1. Great is the LORD, and greatly to be praised

The psalmist starts out by proclaiming the greatness of the LORD, and acknowledging that He is worthy of great praise.

In the city of our God,

The psalmist focuses on the city of our God, Jerusalem, and the fact that He is worthy of great praise there for the things that He has done on its behalf. These are things He will have done in the time that this song is referring to: the time of the kingdom. He has not yet arisen in His power to do these things.

In His holy mountain.

While it is true that Jerusalem is in the mountains, I believe that the holy mountain of the LORD is the same thing as His great government. So we are informed that this psalm refers to Jerusalem in the kingdom of God. Read the rest of this entry »

glorygod02Psalm 47

A Psalm of the sons of Korah.

Psalm 47 is another of the psalms of the sons of Korah. As we have said before, these men were singers, so either this means that they wrote this song, or else this means the song was dedicated to them to be sung. If the latter was the case, then we have no idea who wrote the psalm, or when. Ultimately, the circumstances of its writing may not matter overly much, for we believe this psalm to be a prophecy of the coming kingdom of God, and so it is not connected other than by time of authorship to the era in which it was written.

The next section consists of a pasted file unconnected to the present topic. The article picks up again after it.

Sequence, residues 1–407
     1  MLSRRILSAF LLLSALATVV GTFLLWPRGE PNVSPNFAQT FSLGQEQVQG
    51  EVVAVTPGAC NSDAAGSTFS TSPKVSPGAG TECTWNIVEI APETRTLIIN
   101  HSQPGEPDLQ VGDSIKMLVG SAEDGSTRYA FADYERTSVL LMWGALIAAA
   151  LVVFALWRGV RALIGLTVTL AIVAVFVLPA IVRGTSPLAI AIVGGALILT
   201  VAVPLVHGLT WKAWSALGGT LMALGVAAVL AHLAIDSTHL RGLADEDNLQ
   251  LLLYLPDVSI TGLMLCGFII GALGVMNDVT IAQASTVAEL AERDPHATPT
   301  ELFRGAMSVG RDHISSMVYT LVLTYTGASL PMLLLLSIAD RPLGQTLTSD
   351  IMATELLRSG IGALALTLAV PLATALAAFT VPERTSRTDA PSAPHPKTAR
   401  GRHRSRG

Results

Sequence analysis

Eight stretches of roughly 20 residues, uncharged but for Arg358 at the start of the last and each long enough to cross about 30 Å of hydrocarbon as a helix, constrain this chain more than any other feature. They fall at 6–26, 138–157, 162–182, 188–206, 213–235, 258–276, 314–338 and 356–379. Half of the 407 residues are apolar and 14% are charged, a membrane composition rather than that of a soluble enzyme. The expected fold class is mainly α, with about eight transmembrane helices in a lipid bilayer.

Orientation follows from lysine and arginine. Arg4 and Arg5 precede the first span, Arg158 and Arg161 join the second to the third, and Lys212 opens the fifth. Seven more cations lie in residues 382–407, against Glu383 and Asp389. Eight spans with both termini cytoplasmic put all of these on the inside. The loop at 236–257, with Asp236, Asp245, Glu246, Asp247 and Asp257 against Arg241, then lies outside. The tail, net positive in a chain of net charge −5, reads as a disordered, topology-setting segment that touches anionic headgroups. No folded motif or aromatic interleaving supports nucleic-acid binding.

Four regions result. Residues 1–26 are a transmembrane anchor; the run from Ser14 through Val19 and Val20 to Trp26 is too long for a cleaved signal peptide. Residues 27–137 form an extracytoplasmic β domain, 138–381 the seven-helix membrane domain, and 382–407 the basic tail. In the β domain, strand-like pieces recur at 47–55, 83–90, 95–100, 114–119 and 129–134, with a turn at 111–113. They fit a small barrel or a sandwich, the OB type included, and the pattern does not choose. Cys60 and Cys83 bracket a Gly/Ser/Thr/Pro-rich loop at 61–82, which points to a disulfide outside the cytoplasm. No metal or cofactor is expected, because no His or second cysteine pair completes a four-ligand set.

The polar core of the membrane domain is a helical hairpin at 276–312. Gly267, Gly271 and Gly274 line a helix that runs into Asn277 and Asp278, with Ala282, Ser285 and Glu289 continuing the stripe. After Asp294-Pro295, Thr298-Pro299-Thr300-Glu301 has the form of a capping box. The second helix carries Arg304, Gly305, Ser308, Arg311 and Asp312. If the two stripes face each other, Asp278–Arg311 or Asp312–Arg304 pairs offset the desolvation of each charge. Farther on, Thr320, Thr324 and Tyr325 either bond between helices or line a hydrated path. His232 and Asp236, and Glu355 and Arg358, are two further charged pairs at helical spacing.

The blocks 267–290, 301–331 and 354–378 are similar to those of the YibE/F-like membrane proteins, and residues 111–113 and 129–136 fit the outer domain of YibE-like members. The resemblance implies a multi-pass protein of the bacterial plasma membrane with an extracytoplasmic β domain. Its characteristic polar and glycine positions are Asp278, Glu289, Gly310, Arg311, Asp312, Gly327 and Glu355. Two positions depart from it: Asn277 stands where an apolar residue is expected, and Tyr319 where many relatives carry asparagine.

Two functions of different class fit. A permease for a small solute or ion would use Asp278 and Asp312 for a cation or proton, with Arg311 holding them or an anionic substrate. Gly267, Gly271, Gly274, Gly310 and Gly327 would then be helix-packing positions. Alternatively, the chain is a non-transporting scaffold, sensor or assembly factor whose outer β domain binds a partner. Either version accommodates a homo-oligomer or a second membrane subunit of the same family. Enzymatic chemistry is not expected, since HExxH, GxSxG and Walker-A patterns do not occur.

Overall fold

1. Oh, clap your hands, all you peoples!

All the peoples are called upon to clap their hands before God. We know that there are many different peoples of this earth, and all are called upon to praise Him. God will be King over all the earth, as verse 2 says, so all the peoples of the earth are called upon to clap their hands to praise Him.

In verses 3-4, the people being spoken to are all of the people of Israel. Yet this should not trouble us, for when every last Israelite is gathered together, as the Bible assures us they will be, then there will be many different peoples among them. In our day, there are many different kinds of Jews on the earth. There are Jews from Europe, from Africa, from Asia, and now there are those from the nations of America. There are what could accurately be called Spanish Jews, and German Jews, and Chinese Jews, and Jews from many, many different nations and peoples. When all these Jews are gathered together, they will form a conglomeration of many different peoples, yet all of them together will be able to clap their hands in praise to God.

So whether the “peoples” here are the peoples of all nations, or whether they are the Israelites of all nations matters little. When that day comes, all will have reason to clap their hands in praise to God! Read the rest of this entry »

Psalm 46

A Song.

This psalm has no author listed. All we are told is that it is a “song.” This song is about the kingdom of God, and is one of the songs of the kingdom. It tells us particularly about the time when the kingdom begins, a time we look forward to even today. It is a simple psalm, but a glorious one, and may God speed the day when the great event it speaks of takes place!

1. God is our refuge and strength,

The psalm starts out speaking of God. He is a refuge, a harbor from the storm. He is also a source of strength.

A very present help in trouble.

In trouble, God is these things, and also is found to be near to help. The psalmist seems to be thinking upon God as this because of the very present trouble that will be embroiling the world at the time this psalm takes place. Read the rest of this entry »